The flavour of herbs can also be wonderfully preserved in honey. A natural healer, honey marries really well with many herbs, creating delicate flavours to use in your cooking.
With the added benefit of the herb ramping up the honey’s healing properties, sage honey is brilliant for easing a sore throat or cough, while lavender honey helps relaxation and promotes sleep, for example.
Incredibly versatile, we like to use herb honeys to add another dimension to simple buttered toast, to sweeten a tea or tisane, to add to baking and bread making, to create killer cocktails, as an interesting addition to a cheese board and to marinate or baste meat and sausages, to name a few.
Making Infused Honey
Use dried or fresh herbs that you have blanched for a few seconds to kill bacteria and enzymes (honey won’t support the growth of bacteria, but anything you add might). Keeping herbs whole will stop the flavour penetrating as quickly, but make it easier to strain them out once infused. Use a lightly flavoured honey to allow the herb to shine through (local, raw honeys retain the most flavour and nutrients, while also supporting local bees). Be sparing with strong flavoured herbs, such as lavender, sage and rosemary; be more generous with delicate flavours.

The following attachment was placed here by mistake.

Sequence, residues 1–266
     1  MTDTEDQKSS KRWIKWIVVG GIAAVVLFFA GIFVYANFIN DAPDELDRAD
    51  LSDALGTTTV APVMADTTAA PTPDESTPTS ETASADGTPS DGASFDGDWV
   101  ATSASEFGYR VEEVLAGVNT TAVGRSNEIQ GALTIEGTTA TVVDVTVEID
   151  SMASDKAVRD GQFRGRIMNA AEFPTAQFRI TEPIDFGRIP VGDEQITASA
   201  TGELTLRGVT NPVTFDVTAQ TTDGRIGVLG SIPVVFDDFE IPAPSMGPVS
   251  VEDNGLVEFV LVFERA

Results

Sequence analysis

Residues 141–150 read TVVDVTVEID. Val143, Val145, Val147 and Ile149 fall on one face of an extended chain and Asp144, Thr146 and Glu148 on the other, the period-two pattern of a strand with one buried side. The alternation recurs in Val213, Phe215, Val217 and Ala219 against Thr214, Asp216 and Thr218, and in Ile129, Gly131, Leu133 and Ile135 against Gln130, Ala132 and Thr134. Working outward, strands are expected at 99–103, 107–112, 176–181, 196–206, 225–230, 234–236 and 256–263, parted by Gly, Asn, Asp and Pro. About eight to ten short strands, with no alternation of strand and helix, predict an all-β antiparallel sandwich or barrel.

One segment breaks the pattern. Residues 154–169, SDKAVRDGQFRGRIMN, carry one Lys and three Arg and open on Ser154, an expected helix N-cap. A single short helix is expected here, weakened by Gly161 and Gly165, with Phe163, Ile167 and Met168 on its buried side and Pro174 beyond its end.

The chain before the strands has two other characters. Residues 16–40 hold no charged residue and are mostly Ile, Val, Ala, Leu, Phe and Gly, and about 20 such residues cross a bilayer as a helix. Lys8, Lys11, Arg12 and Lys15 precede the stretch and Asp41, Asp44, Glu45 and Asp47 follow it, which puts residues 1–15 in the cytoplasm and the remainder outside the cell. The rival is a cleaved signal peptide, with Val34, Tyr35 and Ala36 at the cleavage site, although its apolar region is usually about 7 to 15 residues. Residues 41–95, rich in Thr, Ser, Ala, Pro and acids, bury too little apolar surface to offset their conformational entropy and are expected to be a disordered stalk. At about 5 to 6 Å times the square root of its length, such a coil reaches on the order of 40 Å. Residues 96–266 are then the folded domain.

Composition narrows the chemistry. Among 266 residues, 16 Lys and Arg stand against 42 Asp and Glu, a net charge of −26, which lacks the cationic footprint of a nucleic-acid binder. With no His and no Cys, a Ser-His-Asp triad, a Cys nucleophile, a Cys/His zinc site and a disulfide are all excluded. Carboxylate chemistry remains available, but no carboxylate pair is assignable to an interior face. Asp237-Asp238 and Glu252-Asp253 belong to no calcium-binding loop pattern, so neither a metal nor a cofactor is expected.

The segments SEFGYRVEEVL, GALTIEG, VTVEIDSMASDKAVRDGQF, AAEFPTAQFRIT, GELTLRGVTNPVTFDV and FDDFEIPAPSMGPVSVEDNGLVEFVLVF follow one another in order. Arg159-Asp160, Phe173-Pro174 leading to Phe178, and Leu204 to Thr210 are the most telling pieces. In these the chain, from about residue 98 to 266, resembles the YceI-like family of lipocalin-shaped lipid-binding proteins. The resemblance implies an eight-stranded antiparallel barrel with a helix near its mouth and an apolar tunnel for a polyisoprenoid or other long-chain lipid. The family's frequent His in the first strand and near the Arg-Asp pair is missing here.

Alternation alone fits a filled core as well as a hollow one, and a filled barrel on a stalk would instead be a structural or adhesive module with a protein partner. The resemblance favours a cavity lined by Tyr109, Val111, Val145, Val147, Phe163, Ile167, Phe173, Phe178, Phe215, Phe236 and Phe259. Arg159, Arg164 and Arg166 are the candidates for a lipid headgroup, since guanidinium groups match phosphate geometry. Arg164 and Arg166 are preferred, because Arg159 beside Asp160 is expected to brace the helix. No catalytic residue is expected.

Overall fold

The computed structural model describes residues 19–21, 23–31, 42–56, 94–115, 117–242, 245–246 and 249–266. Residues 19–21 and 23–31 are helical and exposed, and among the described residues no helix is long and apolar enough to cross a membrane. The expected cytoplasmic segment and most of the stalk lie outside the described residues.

We like to use single herb varieties to create honeys with a clear flavour, but experiment with herbs that you like to use together in other cooking to find flavour combinations that you really love.
Step 1: Use sterilised Kilner or other jars (see page 408) with tight-fitting lids (a wide neck is preferable so you can fill it easily with your ingredients).
Step 2: Place the herbs in the jar, then fill three-quarters full with the honey.
Step 3: Stir the honey and herbs, then fill the last quarter of the jar with the rest of the honey, ensuring the herbs are completely covered.
Step 4: Leave in a cool, dark place for at least five days to allow flavours to infuse.
Step 5: Taste the honey and check if the flavour has developed enough. If not, leave for another few days.
Step 6: Once you’re happy with the flavour, fish out the herbs, or strain out with a fine sieve or muslin (warm honey will be much easier to strain than cold).
Step 7: Make sure you label your jars with the herb and date of infusion.
Herb-infused honey will last in your store cupboard for at least a year!